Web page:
Remember to search for variant surname spellings such as ELLISON. Even if you are certain that your family always spelled it with an A, that doesn't mean the census enumerator knew that. Or, since you will be searching an index, that the indexer recognized the first letter as an A. In fact, I recently heard a professional genealogist suggest that you search under all the vowels when searching an index. Variant spellings crop up in very strange ways and it is important to try and remember to search indexes on as many as you can think of.

If you find Ben in the index, it is likely that he will be listed with his wife. And it is also possible that you will find additional children in the indexes as well.

Another resource that might help to reveal the name of Ben's spouse is land records. Very often when a man was selling land, his wife would need to sign what is called a release of dower. This is usually found below the actual deed in question. It states that the woman has appeared before the county clerk and agrees to the sale of the property of her own free will, and thus the relinquishment of her one-third right. At least the wife's given name is included in such documents.

While it is true that many states, including Mississippi, didn't begin to record vital records until the late 1800s or early 1900s, there was an exception to this rule. Marriage records are very often kept much earlier than other vital records. This was due in part to the legal issues of land ownership should a man die intestate. It was necessary for the woman to prove her right. As a result, you may find that there are marriage records for the time period in question. These records are likely to have been microfilmed by the Family History Library and therefore available through your local Family History Center.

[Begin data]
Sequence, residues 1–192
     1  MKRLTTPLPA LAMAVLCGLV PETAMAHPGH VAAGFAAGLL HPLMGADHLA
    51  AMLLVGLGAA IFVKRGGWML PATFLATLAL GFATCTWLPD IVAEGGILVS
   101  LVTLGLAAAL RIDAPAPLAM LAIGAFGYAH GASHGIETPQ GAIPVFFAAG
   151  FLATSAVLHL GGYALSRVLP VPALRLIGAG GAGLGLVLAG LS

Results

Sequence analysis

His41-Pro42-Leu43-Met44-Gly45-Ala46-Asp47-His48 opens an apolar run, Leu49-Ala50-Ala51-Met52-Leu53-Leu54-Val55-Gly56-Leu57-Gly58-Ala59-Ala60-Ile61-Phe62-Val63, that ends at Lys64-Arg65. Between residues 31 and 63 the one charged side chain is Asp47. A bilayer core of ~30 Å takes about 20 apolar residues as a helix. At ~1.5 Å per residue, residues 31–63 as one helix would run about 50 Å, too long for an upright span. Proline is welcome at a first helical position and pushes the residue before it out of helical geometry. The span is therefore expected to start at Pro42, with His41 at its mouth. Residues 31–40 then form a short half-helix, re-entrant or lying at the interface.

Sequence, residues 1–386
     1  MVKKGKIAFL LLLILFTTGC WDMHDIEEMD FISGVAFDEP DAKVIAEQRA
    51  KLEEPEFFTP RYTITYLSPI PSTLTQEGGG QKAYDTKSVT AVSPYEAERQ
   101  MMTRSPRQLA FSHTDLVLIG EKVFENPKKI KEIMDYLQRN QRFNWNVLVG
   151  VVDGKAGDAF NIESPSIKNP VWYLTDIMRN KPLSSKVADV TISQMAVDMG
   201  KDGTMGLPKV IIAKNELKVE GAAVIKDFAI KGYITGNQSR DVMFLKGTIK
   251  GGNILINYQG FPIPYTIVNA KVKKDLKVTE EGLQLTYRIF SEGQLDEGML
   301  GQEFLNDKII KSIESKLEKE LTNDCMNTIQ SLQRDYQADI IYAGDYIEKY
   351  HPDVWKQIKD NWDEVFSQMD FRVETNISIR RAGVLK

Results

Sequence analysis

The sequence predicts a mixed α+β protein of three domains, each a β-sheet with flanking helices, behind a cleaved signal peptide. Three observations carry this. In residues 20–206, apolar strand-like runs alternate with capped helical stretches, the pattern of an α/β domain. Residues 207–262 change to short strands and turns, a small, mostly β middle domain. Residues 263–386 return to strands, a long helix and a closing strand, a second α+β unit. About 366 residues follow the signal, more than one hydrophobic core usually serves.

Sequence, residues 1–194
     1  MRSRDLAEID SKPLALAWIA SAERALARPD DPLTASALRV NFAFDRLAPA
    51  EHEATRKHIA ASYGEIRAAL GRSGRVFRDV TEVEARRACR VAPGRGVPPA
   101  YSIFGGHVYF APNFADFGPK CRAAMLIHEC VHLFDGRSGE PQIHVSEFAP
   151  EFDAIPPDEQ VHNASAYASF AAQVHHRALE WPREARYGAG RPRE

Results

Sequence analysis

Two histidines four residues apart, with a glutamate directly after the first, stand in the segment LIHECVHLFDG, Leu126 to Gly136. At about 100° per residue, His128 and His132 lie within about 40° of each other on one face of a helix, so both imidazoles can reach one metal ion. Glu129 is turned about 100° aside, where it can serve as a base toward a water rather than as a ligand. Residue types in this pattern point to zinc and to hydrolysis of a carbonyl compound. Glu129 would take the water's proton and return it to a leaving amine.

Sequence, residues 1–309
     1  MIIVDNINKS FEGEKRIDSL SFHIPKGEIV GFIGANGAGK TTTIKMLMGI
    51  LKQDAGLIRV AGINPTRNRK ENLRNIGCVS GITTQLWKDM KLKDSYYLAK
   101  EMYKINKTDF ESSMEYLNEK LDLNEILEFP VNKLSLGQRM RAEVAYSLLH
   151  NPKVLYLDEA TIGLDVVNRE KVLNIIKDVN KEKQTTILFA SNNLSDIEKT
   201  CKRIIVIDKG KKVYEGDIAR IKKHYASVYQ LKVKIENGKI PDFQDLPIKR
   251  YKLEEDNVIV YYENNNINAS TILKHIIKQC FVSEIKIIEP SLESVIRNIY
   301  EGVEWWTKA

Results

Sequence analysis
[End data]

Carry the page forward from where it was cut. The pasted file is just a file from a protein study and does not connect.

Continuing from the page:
A Book on Quebec

Q: I am looking for a book to help aid me in my search for my family tree. My family is from Canada and I heard about a book that may or may not be called St. Hermenegilde Quebec, 100 yrs. Town Bicentennial. The book is in French, but there are many family members in it. If you could help me I would really appreciate it. -- Sue

A: One of the first places that you should check is the Family History Library. You have access to a catalog to their holdings through your local Family History Center as well as online. Family History Centers are branches of the Family History Library in Salt Lake City. And this is one of the premier genealogical libraries in the nation.

Since the book has to do with Quebec, you will want to search under Quebec in the Family History Library Catalog. Then look under History. If they have it, you will want to check if they have it on microfilm. Unfortunately, they do not allow the circulation of their books to the local Family History Centers, so it would need to be on either microfilm or microfiche in order to get it to your local center.

If it isn't available on film or fiche, then you may want to entertain the notion of hiring a professional genealogist that resides in Salt Lake City. They can go to the Library and extract the information you are in need of.

Another option would be to do a search of other online library catalogs.

An Unusual Name

Q: My (Great x5) Grandfather Suplina Judd b 1808 NY was (I believe) the Son of Suplina Judd b 1774. He moved to NY in 1800 and I have found him on the NY Census at that time. In 1810, he had six kids and I need the find out if my Suplina was one of his sons. In my favor: the dates and locations match up and it is a unique name, but unless I can prove he is related I will not be able to go forward. What would be the best way to go about this? What type of records should I try to find him in? -- Justin